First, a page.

Battlefield 2042 Released: November 12, 2021
  Dying Light 2: Stay Human Released: February 4, 2022
  Call of Duty: Warzone Released: March 10, 2020
  RED DEAD REDEMPTION 2 Released: October 26, 2018

Color/Albedo edit

What we preserve as color is simply a material absorbing more light from a certain wavelength than others, so the colors that aren't absorbed are reflected back into our eyes[12]. In a physically based rendering material, the color of an object is usually represented as either an RGB value, or an image texture.

Input Type Info
RGB Value
This input type covers the entire object in a single color. The color can usually be

chosen by inputting an RGB, HEX, PMS, or CMYK value.

Image texture
This input takes the color of each pixel on an image and plots it onto the 3D object,

wrapping the texture around it according to the object's UV map.[13]

These are not the only two options, as using shaders allows one to add, mix, combine, and manipulate these types of values to fully customize the color of an object[14].

Roughness edit

Roughness relates to the irregularity of the surface of an object. As mentioned previously, light does not simply stop traveling once it hits an object but rather bounces off of them. However, many objects' surfaces are not completely flat and are irregular. Because of this, the direction light bounces in will be much more random on a rough surface, which ends up scattering the rays, making the reflected light less sharp. In simpler terms, the less rough an object is, the shiner it looks, and vice versa[12].

0% Roughness 50% Roughness 100% Roughness

Similar to color/albedo, there are different ways the roughness of a material can be manipulated. It can either be connected to a value that ranges from 0 - 1, or it can use a roughness map. A roughness map is a black and white image texture that tells the material which parts of the object are shiny, and which are rough.[15]

By using this texture for the roughness, we tell the shader that the darker parts of the image are shinier, and the brighter parts are rougher.
Roughness map
Final result

Once again, these are not the only two options, as using shaders allows one to add, mix, combine, and manipulate these types of values to fully customize the roughness of an object[14].

Metallic edit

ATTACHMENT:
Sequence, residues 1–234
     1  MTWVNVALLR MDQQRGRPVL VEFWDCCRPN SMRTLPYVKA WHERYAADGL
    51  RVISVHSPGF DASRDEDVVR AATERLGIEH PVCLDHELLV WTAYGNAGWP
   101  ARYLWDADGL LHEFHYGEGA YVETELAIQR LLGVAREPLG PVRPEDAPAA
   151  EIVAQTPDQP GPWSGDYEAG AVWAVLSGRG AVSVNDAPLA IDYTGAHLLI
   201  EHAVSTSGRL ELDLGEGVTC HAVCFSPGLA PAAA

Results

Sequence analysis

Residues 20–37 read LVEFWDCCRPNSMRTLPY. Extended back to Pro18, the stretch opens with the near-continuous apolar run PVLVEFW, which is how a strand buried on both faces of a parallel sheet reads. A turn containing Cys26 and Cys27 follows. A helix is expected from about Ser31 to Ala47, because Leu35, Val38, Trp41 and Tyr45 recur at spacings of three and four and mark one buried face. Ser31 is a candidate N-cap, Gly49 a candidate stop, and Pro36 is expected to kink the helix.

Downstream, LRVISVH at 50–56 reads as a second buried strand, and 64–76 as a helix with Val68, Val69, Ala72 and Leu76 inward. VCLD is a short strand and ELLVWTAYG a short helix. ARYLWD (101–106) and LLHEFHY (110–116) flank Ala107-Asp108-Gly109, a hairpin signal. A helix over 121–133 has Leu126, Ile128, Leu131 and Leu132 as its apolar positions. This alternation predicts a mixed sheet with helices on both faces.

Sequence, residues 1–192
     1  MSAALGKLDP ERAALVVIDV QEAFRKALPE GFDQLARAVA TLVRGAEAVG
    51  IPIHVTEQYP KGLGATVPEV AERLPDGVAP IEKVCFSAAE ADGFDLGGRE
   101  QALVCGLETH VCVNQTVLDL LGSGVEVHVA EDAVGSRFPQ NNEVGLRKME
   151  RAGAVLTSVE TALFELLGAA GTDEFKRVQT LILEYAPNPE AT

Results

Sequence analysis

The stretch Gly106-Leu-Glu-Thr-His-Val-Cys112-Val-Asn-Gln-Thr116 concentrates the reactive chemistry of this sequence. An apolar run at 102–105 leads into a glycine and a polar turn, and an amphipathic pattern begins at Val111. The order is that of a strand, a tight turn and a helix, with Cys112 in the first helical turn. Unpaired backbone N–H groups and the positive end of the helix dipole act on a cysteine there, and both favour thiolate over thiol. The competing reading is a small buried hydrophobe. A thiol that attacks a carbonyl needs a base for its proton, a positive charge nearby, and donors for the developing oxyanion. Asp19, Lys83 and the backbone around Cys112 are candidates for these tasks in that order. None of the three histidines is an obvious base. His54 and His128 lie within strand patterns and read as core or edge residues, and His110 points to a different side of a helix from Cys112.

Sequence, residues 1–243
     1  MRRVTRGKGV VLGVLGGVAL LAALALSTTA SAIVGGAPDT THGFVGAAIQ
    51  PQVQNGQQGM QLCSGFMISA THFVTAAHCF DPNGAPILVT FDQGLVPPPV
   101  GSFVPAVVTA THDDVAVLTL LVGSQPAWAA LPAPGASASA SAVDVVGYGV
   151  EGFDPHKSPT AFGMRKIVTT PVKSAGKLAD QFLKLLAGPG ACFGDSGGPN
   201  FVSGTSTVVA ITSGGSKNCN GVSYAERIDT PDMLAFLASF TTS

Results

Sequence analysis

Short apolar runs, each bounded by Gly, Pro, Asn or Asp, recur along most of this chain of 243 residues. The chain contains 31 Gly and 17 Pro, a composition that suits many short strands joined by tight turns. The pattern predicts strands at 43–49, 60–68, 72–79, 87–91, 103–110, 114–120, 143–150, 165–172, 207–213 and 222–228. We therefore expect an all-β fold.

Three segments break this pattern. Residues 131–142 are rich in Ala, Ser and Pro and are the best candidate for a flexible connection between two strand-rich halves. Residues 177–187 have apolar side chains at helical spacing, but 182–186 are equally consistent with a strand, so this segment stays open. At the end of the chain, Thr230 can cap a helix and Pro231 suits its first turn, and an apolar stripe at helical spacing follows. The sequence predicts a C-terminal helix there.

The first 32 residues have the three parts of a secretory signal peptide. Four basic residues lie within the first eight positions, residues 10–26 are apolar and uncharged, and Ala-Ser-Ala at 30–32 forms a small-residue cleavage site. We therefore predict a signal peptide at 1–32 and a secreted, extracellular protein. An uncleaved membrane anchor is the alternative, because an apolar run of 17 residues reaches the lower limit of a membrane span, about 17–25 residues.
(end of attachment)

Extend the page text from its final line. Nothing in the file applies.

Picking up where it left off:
The metallic value of a material tells the shader how metallic the object is. Because metals are good conductors of electricity, electric and magnetic fields (like light waves) are reflected when hitting a metallic object while refracted light is absorbed[12]. Normally, a material's metallic value is never between 0 -1, because objects in the real world are either metal, or not metal. However, the reason why shaders allow one to change the metallic value of a material is because some objects have parts on them that are not metal (like rust).[12]

Metallic Object Non-metallic object

Like the others, these are not the only two options, as using shaders allows one to add, mix, combine, and manipulate these types of values to fully customize how metallic an object is.[14]

Summary edit

There are many more options to change when creating a PBR material, but these options are usually made for more specific purposes. Options like subsurface scattering, specular, IOR, emission, and more are often used when creating very specific materials like skin, car paint, glass, etc. The options mentioned above are the basics that are needed to make most materials, and when combined with the right illumination model, can easily create photorealistic imagery.

References edit

  1. Schechter, Sonia (2021-07-05). "Essential Guide to 3D Rendering". Marxent. Retrieved 2022-03-04.
  2. "Illumination Model in Computer Graphics". Retrieved 2022-03-04.
  3. "Unity - Manual: Real-time lighting". Retrieved 2022-03-07.
  5. "Introduction to Lighting and Rendering". Unity Learn. Retrieved 2022-03-08.
  6. 6.0 6.1 "Bounce Light Tips & Techniques for Photo and Video". StudioBinder. 2021-04-18. Retrieved 2022-03-08.
  7. J, Dr (2020-07-30). "This is Why 3D Rendering Takes So Long". Retrieved 2022-03-08.
  8. "Screen Space Global Illumination | High Definition RP | 11.0.0". Retrieved 2022-03-08.
  9. "Light Baking". Retrieved 2022-03-08.
  10. "Introducing the NVIDIA RTX Ray Tracing Platform". NVIDIA Developer. 2018-03-06. Retrieved 2022-03-08.
  11. "Stream Like a Boss With NVIDIA RTX Graphics Card". NVIDIA. Retrieved 2022-03-08.
  12. 12.0 12.1 12.2 12.3 "The PBR Guide - Part 1 on Substance 3D Tutorials". Retrieved 2022-03-08.
  13. "How 3D Game Rendering Works: Texturing". TechSpot. Retrieved 2022-03-08.
  14. 14.0 14.1 14.2 "Shader". Wikipedia. 2022-02-10. 
  15. "The PBR Guide - Part 2 on Substance 3D Tutorials". Retrieved 2022-03-08.